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Ballet Idaho's Carmen and Don Quixote Debut at Morrison Center

Spanish ballets are brimming with intense choreography


Russian playbills and ballet art adorns the walls of Peter Anastos' office. Some depict lacy ladies and powdered gents, invoking Russian ballet's pre-Revolutionary gentility, while others celebrate, in gallant Cyrillic exclamations, the blonde dancers of the Soviet period.

Anastos, the artistic director at Ballet Idaho, was seated in his office, taking a break from rehearsals for an upcoming performance of Carmen and Don Quixote. Despite Quixote's titular role, the production doesn't feature a single scene with the lit legend.

"People are bored with Don Q, and they can't wait for him to get off the stage," Anastos said.

Some might think cutting the main character and all but a few chapters about a wedding farce from a bedrock of Spanish literature is sacrilege. But for artistic directors, the process of paring down long source material for the stage is dictated by time constraints and what they believe audiences want.

Don Quixote is the story of a Spanish gentleman so taken with chivalric romances that he embarks on a few of his own. Ballet Idaho's version recounts one of those romances, Kitri's Wedding, which depicts two lovers, Kitri and Basilio, who defy class distinctions and the advances of a rich suitor so they can marry.

The jewel of Kitri's Wedding is the Kitri Variation, a technical, prop fan-driven bit of virtuosity that would test any ballerina approaching the young bride's part. It's a scene chock full of the kinds of athletic exceptionalism and intensity Anastos believes Boise craves.

"It's unfair. You're seeing someone do something you can't," he said.

The dances become so intense that viewers feel a sense of danger, and that's part of the appeal. Like NASCAR, some of the thrill of watching ballet is the chance that someone might take a spill, disrupting irrevocably the smooth surface of the production. As with car accidents, bad falls on stage can be career-ending.

"At any moment, you can crash and burn. It's a subliminal excitement," Anastos said.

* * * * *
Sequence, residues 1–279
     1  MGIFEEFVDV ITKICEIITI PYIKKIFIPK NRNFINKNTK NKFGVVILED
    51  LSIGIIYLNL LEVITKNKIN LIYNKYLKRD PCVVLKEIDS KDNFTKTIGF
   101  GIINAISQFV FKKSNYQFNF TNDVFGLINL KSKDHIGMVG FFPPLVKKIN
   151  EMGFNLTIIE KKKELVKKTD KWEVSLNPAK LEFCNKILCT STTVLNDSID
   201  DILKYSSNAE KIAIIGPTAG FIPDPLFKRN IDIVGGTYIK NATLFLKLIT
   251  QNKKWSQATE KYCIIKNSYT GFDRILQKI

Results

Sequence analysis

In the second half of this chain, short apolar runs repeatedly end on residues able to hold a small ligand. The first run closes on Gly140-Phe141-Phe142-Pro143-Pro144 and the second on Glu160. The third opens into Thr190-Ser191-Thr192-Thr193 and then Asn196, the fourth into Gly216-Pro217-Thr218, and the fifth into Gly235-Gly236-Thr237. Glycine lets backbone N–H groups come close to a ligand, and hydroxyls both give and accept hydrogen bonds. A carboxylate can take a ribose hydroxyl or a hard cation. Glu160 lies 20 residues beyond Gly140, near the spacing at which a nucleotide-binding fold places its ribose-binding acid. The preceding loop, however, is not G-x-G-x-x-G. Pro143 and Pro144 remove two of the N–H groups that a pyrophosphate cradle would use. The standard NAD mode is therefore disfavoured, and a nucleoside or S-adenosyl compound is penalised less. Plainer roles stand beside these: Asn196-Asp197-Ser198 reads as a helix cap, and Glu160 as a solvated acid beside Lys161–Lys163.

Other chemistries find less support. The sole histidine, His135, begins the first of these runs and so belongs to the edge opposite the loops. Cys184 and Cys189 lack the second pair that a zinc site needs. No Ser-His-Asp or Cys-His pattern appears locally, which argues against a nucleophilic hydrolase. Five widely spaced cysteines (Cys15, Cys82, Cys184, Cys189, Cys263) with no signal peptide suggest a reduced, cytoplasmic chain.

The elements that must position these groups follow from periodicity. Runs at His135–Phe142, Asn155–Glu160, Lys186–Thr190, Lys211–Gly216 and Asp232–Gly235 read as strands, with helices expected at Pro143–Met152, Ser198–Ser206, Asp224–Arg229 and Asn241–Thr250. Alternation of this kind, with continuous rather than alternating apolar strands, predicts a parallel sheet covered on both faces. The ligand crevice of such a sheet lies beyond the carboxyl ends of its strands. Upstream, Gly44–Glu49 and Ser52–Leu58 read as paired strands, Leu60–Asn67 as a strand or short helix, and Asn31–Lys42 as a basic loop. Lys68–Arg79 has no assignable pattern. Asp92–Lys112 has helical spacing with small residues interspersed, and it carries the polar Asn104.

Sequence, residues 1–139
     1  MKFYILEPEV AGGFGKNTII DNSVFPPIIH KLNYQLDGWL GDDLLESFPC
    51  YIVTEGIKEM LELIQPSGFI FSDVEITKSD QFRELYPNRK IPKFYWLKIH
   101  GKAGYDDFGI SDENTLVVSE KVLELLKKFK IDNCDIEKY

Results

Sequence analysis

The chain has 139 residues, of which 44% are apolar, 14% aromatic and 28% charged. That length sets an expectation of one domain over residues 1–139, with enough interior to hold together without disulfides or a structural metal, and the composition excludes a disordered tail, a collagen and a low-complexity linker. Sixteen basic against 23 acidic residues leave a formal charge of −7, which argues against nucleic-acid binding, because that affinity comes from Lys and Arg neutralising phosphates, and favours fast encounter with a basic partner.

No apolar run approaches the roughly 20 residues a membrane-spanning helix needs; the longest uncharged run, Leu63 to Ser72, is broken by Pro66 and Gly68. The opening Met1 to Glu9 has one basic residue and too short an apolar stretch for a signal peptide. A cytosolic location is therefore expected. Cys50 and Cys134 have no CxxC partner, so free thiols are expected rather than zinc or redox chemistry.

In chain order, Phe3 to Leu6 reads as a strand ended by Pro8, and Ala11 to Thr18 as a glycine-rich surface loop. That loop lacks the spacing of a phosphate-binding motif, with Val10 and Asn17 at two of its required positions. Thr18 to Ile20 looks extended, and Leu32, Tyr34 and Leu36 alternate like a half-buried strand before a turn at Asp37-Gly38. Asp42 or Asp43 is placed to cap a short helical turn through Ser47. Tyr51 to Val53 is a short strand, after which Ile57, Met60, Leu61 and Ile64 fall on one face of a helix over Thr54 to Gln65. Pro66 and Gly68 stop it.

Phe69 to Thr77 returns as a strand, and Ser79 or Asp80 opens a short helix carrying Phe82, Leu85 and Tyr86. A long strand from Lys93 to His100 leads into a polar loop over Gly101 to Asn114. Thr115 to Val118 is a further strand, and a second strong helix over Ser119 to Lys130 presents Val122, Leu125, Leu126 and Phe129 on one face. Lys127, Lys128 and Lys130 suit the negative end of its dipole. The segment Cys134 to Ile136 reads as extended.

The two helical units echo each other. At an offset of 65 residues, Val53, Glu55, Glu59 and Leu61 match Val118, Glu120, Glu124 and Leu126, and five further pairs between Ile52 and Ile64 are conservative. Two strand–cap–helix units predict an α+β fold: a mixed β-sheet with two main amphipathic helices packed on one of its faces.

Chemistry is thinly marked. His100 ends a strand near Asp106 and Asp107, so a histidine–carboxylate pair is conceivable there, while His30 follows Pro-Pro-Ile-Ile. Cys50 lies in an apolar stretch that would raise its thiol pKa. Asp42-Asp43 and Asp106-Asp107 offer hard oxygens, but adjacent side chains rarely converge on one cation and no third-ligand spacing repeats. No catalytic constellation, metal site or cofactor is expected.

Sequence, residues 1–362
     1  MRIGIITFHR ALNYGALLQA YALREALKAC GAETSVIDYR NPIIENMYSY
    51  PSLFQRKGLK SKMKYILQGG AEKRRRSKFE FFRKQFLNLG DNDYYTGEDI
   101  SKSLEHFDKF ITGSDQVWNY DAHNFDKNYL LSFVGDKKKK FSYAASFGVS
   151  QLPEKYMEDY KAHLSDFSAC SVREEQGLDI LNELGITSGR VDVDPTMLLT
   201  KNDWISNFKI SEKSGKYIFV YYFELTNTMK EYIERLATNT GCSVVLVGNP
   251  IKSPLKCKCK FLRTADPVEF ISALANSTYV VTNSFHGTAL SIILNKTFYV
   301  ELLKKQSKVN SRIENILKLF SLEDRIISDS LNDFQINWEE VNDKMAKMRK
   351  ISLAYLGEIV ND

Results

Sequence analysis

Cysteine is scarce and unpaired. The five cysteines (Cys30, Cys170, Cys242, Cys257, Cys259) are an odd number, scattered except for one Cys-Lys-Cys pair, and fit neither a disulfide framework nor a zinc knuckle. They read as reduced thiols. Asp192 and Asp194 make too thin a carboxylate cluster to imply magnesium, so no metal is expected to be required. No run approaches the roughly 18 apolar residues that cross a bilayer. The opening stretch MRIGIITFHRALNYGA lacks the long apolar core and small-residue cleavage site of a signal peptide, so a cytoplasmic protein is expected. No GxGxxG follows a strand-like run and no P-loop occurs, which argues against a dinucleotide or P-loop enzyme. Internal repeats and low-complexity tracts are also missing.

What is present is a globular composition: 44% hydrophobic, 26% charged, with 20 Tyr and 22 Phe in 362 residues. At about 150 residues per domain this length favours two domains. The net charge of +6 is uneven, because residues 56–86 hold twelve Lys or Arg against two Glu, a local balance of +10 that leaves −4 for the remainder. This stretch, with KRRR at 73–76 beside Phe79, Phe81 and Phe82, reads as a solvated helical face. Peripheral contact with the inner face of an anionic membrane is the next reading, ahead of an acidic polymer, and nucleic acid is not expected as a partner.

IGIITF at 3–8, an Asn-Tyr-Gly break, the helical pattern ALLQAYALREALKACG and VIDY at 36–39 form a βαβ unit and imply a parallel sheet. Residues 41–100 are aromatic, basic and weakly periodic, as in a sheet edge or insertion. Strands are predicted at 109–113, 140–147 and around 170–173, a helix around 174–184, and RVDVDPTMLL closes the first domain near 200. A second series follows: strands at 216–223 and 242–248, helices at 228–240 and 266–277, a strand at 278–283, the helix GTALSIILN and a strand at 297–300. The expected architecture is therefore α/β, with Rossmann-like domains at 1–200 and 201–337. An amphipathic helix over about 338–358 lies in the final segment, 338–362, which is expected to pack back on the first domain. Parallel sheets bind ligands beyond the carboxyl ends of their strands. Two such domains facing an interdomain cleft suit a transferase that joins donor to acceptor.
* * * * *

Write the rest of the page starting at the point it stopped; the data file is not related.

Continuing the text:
To play up this titillation of failure, ballet has become "more virtuosic" and "a lot leaner" because audiences--and, therefore, choreographers--are more sensitive to daring leaps and feats of grace than a dodgy old-timer weighed down by a suit of armor, while pretending to ride a flea-bitten horse.

"Modern taste isn't as interested in walking parts," Anastos said in reference to Quixote. "What [audiences] want to see is people soaring through the air."

Like the Soviet playbills on Anastos' walls, the fearless physicality of ballet is overtaking the genteel trappings of dance's golden age. Choreography isn't about honoring source material so much as it's about expressing dancers' abilities and leaving the audience sweating with anticipation.

By the time Anastos arrived in the practice studio later that afternoon, the faces of several dancers were slick with sweat from practicing a fittingly macho and daring scene from Kitri's Wedding: a dance with bullfighters. It's a scene that has a mirror in the accompanying performance of Carmen, choreographed by Alex Ossadnik, though Anastos says the two scenes have diverging roles in the stories they inhabit.

"Carmen's Spanish cultural references are all symbolic and deep. Don Quixote's cultural references are all entertaining," Anastos wrote in an email.

Pinioned between the row of dancers and the tall practice mirrors reflecting the traffic on Myrtle Street, Anastos heeded the details: a dancer's arm was not raised in sufficient triumph. Mercedes, played by Angela Napier, was not bent back far enough for a kiss.

"Let's fix this," was Anastos' catchphrase.

During the bullfight, twirling between the four male toreadors, Napier flirted and batted her eyes, while huffing with exertion.

"We never have it," she said afterward about her lost breath. "It's always striving to be better."

Napier's parts are spread over the entire production, and her concentration is split between knowing her moves and executing them to exacting standards. In order to play Mercedes perfectly, bending backward for that bullfighter's kiss must be done in time and with histrionic extension. It's when these two foci come together that Napier will know she's ready for the audience.

"I have it when there's an intuitive kind of body memory," she said.

The expectation in ballet is that grace and precision are higher priorities than speed or power--that's the supposed difference between dance and, say, football. But Ballet Idaho's Don Quixote undermines that difference.

In a move that's particularly harrowing to watch, Basilio (Andrew Taft) has won the hand of Kitri (Adrienne Kerr), and during their pas de deux, Basilio lifts Kitri above his head with one arm and holds her aloft for what seems like an eternity while Taft's shoulders pulse under the physical strain.

Sitting together after rehearsal, Kerr and Taft discussed where the athleticism of the practice room ends and the elegance of the stage begins. It's a balance, they say, that's difficult to negotiate.

"You're pushing your own boundaries," Kerr said.

Taft chimed in, "[Peter] often tells me to cool my jets."

But they agreed that performing on stage rather than on the forgiving floor of the practice room has a feel of its own.

"The audience is energy. The goal is to let the audience see," said Taft.

Ballet Idaho's Don Quixote is something visceral and athletic. While some will see that as a corruption of art and literature, others will notice the shifting dynamic between the dancers and the audience.

"People should know that this ballet is exciting," said Kerr.

Taft nodded.

"It's a shame we only get to do it twice," he said.